(Reuters) – Iran said on Wednesday nuclear talks with six world powers would resume in early September, according to state television, after both sides agreed to continue talking for four more months to try to reach a final agreement on Tehran’s nuclear program.
The preliminary accord had been due to expire on Sunday but was extended with some adjustments, after the two sides failed during negotiations in Vienna to meet a self-imposed July 20 deadline for a long-term deal to end the decade-old nuclear standoff.
“The extension of talks shows this is a positive atmosphere,” Iranian foreign ministry spokeswoman Marzieh Afkham said during a weekly press conference.
She said the biggest difference between both was in enrichment capacity.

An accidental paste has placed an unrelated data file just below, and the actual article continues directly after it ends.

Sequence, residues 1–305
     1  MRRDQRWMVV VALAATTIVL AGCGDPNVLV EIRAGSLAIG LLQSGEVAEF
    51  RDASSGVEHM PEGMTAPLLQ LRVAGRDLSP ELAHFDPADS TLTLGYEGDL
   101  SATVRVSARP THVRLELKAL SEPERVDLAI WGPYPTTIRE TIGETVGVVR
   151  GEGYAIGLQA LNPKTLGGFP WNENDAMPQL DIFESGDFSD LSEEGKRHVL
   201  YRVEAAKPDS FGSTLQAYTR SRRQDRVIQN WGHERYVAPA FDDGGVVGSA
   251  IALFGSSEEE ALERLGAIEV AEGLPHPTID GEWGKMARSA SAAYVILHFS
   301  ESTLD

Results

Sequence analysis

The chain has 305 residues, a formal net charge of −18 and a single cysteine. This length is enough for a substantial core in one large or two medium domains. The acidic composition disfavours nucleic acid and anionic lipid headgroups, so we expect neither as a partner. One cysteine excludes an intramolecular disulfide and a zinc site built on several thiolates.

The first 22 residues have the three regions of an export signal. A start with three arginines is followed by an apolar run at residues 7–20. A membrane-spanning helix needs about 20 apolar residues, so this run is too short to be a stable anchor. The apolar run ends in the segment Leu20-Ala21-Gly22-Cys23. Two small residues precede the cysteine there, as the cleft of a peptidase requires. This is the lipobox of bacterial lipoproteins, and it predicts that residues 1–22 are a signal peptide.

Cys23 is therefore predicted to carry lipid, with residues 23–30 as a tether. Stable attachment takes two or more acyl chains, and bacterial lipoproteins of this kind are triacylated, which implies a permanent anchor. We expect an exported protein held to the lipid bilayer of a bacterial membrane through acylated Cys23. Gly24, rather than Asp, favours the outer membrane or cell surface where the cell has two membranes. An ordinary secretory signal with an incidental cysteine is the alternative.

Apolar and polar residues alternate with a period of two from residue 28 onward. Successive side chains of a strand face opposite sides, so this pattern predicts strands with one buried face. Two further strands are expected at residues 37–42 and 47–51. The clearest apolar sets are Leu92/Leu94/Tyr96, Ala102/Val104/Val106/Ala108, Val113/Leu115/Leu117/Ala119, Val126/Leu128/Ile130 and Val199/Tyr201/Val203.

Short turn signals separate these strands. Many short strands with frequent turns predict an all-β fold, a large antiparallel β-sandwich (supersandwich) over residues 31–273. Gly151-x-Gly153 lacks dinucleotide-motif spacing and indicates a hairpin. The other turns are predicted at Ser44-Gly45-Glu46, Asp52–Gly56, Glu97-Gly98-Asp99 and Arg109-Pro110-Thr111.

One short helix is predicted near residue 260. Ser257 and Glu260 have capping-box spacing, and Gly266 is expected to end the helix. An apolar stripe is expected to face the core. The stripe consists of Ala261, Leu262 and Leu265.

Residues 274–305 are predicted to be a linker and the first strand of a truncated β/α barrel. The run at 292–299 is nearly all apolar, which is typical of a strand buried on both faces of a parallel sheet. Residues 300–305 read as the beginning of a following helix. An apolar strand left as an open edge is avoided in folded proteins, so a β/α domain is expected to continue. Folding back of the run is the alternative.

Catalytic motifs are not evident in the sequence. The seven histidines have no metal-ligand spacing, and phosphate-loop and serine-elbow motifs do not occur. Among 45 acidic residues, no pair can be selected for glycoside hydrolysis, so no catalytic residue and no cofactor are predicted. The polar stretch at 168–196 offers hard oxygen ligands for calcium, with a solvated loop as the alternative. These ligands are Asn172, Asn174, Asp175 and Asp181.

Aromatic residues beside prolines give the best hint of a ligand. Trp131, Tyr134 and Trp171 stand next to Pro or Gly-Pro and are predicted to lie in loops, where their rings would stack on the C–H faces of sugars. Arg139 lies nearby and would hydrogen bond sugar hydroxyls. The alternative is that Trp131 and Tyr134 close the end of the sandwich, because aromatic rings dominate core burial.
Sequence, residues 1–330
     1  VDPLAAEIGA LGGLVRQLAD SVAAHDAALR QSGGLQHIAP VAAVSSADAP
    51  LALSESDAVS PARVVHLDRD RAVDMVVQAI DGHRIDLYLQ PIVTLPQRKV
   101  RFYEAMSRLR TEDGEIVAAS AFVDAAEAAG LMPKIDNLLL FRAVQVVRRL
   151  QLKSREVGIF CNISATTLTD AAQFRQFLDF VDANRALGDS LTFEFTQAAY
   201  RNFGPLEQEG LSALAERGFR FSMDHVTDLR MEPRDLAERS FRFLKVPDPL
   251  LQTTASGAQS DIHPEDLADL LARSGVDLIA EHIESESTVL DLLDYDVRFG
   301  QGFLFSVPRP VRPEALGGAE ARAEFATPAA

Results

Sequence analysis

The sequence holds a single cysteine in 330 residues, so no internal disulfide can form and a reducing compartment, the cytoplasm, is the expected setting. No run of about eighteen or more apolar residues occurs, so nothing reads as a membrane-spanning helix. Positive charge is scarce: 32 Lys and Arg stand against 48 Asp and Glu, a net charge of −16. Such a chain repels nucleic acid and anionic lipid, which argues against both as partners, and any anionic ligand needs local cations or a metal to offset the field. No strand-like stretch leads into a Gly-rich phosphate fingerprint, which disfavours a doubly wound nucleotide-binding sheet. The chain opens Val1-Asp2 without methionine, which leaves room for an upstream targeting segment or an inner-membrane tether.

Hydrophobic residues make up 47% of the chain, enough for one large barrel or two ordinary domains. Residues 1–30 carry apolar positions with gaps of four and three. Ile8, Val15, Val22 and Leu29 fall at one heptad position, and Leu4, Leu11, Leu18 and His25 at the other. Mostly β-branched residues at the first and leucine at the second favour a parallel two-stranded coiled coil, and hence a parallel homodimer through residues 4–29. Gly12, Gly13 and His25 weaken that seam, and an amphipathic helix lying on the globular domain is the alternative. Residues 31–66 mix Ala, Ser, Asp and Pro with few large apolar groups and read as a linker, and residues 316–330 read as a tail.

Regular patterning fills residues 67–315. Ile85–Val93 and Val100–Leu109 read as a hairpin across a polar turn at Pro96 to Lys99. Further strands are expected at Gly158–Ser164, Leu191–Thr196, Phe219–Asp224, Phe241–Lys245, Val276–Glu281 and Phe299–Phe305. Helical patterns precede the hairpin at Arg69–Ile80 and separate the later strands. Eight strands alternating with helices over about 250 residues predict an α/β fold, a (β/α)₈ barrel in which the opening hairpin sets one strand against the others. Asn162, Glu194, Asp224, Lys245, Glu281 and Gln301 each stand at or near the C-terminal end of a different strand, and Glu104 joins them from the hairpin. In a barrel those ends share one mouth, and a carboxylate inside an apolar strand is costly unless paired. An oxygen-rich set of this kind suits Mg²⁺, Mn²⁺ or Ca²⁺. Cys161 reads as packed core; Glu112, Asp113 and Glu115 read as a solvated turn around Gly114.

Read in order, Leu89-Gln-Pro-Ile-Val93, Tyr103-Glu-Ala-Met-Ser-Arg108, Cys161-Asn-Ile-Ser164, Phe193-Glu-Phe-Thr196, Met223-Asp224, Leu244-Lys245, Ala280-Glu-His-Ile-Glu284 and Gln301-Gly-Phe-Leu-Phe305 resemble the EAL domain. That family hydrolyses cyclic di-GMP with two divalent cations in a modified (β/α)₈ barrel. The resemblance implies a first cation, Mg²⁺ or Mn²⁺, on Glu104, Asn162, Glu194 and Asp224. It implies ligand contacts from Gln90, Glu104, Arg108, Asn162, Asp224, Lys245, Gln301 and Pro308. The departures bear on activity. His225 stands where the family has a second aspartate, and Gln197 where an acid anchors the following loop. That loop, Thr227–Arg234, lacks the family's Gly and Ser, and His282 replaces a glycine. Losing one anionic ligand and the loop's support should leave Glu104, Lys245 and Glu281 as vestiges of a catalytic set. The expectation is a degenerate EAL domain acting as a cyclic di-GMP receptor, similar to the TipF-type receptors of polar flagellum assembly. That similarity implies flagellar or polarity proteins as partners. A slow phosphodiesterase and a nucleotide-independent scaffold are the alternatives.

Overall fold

Iran says it is only refining uranium to fuel nuclear power plants or research reactors, not to develop a nuclear weapons capability as the West suspects. The six powers – the United States, France, China, Russia, Germany and Britain – want Iran to reduce its uranium enrichment program significantly to make sure it cannot produce nuclear bombs.
Some other issues that have yet to be agreed upon include the heavy water Arak reactor, sanctions relief and the Fordow enrichment site, said Afkham. Iran wants sanctions on the oil-dependent economy to be lifted as soon as possible.
French Foreign Minister Laurent Fabius said last week that talks would resume in September but gave no further details.
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